Portsmouth repair cafe boss protests in Brussels for EU to enforce more user-repairable phones

AN ENVIRONMENTAL campaigner has been putting pressure on the European Union to change the way we see our broken electronics.
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Portsmouth mum Clare Seek, who spearheaded the establishment of Portsmouth Repair Cafe in 2018, recently travelled to Brussels to raise awareness of fixable possessions being needlessly thrown away.

Known as Fixfest 2022, the event she attended was a global gathering of people who involved in community repair.

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Clare Seek (left) at the Fixfest 2022 protest in Brussels, BelgiumClare Seek (left) at the Fixfest 2022 protest in Brussels, Belgium
Clare Seek (left) at the Fixfest 2022 protest in Brussels, Belgium
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Clare was the only Portsmouth representative at the event, but joined like-minded campaigners from all corners of the globe – including other UK-based repair cafes.

Roughly 150 people took to the streets for the protest, calling upon the European Union to create more robust legislation, particularly around electronic devices.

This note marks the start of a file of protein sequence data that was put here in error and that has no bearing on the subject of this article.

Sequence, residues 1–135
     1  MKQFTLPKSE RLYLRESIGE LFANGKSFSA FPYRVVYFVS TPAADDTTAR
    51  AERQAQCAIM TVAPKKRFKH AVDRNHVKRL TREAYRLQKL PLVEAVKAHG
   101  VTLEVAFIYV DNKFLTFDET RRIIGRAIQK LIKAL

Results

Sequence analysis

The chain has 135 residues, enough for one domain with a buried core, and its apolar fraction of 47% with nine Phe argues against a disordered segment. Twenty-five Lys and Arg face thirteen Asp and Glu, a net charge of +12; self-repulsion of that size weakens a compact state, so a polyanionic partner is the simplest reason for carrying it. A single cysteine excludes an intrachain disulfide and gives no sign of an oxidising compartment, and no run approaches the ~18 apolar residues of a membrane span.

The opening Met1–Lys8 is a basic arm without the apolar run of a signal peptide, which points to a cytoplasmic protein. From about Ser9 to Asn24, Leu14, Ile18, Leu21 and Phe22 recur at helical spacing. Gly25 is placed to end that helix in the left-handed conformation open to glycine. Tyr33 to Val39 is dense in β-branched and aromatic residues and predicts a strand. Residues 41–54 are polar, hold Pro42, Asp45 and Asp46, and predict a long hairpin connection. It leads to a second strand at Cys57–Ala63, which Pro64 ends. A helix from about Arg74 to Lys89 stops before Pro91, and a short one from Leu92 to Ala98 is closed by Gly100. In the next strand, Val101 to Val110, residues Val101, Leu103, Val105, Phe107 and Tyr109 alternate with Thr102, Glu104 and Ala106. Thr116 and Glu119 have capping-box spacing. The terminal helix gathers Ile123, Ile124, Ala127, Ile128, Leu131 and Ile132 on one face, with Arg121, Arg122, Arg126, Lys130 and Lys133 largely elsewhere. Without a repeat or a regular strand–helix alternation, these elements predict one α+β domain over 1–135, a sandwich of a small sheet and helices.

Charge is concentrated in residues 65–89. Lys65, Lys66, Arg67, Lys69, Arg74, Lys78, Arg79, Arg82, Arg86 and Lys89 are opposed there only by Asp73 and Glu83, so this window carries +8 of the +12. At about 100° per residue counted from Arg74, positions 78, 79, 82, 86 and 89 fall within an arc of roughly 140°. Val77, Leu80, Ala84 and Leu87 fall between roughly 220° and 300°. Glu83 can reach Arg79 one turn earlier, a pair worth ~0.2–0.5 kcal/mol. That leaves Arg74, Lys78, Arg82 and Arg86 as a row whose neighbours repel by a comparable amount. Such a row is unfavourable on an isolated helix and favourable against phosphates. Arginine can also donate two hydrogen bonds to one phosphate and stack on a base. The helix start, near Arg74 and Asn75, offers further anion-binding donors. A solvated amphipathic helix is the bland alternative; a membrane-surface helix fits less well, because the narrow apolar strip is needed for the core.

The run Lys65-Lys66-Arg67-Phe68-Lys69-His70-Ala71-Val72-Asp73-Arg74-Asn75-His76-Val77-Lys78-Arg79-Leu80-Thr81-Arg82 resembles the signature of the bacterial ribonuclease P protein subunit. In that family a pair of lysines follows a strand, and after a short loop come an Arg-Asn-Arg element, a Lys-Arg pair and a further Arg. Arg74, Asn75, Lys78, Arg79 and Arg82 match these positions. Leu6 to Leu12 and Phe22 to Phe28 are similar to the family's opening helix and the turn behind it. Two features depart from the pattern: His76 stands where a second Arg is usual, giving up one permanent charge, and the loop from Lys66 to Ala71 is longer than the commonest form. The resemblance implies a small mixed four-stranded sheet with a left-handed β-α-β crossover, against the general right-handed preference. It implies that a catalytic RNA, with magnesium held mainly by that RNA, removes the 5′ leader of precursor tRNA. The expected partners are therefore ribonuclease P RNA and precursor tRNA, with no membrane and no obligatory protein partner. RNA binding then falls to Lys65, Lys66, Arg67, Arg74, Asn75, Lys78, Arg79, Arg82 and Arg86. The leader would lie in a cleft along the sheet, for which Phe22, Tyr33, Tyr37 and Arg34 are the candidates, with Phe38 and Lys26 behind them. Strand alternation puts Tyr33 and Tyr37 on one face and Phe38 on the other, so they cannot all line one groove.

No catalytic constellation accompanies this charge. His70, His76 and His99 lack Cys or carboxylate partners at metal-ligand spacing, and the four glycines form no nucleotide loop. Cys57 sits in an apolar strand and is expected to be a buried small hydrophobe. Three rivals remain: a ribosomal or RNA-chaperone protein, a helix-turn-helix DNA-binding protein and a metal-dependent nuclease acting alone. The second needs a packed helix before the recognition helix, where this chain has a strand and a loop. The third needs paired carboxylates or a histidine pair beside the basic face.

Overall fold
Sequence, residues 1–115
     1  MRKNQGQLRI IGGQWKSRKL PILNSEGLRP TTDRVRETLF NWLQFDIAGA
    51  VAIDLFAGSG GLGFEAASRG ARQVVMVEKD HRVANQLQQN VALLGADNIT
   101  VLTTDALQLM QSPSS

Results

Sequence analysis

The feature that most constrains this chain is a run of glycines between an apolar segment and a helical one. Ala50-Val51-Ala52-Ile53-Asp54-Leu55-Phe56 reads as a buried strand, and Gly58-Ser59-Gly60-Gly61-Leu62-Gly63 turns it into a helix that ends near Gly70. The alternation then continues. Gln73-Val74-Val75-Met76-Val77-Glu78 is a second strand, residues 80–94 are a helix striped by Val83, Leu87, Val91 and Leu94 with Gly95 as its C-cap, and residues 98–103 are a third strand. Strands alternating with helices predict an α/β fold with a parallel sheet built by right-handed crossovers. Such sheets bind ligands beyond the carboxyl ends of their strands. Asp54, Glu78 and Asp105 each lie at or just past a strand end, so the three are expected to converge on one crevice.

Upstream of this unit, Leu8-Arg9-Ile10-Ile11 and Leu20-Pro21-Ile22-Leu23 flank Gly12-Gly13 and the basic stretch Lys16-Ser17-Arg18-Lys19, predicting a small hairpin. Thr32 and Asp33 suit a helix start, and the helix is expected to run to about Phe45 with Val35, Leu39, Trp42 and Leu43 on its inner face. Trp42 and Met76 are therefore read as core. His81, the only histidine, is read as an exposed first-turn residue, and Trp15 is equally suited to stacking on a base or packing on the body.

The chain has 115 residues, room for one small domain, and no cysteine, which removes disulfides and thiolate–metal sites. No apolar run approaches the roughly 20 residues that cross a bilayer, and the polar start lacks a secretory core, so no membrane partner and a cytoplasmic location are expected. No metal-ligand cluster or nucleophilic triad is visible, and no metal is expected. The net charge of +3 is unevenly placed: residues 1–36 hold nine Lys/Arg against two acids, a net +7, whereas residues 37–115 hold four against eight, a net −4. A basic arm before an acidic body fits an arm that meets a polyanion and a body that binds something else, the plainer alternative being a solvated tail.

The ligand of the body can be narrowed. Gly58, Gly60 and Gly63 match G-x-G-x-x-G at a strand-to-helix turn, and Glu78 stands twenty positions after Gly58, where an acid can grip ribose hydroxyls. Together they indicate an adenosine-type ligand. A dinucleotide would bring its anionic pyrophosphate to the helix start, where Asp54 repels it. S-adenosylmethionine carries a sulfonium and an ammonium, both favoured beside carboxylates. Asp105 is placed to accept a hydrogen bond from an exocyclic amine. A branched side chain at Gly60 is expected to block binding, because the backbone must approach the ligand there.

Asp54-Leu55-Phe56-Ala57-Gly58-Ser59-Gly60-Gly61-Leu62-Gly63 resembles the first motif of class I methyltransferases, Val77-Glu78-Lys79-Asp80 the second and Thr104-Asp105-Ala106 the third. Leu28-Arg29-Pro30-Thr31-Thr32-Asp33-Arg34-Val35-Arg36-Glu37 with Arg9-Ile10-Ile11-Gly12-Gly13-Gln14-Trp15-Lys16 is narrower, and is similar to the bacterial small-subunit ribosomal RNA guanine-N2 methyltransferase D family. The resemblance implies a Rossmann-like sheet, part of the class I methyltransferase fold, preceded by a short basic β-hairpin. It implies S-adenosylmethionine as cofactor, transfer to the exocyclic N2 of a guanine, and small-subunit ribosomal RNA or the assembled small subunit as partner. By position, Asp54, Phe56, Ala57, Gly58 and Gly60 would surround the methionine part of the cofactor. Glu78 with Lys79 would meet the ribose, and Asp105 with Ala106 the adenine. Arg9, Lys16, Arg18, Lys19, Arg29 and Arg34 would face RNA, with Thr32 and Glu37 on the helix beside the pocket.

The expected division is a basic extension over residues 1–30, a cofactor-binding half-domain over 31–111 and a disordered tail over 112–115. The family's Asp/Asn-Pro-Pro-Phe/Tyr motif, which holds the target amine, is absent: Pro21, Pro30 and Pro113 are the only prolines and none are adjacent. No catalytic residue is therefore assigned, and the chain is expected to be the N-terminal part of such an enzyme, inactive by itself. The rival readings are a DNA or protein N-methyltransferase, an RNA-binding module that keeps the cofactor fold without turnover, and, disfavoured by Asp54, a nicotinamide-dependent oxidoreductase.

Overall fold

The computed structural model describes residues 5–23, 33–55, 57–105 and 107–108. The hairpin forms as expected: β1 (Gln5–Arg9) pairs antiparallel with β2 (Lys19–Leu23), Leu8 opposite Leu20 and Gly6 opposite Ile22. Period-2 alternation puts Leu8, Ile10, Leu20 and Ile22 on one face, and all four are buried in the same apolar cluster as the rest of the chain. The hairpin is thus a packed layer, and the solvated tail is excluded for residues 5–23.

Clare said: ‘Across the world we're all facing the same problems when it comes to repairing the things that we supposedly own.

‘Portsmouth Repair Cafe fixers face the same challenges that are faced by fixers in Belgium, Spain, Germany, Uganda, Argentina, the US and so on.

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‘It has been great to gather together to continue to call for policy changes to make sure that we stop throw-away electronics.’

One of the main objectives being pushed for at Fixfest was for regulations around sustainably designing smartphones and tablets, with additional legislation with the potential of making all batteries in our devices user-replaceable.

This, they say, would prevent people from throwing away phones and laptops when the battery dies, and simply replacing that rather than the device wholesale.

The Portsmouth campaigner added that while some may think EU policies won’t make a difference in the UK following Brexit, protesters believe big corporations will be selling the same products to both the UK and the EU.

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‘We want to keep pushing for user-removability and replaceability of batteries,’ said Clare.

‘Easily removable and replaceable batteries in the EU would enable us to save resources, reduce emissions and save consumers money in the current cost of living crisis.

‘Our planet is on fire and we can't afford to waste any more time.’

Fixfest was also full of stories about how community repair goes further than just helping us financially and environmentally, but also builds community, connects people, helps with wellbeing and so much more.

The next Portsmouth Repair Cafe event will be on Saturday, October 15 at Buckland United Reform Church.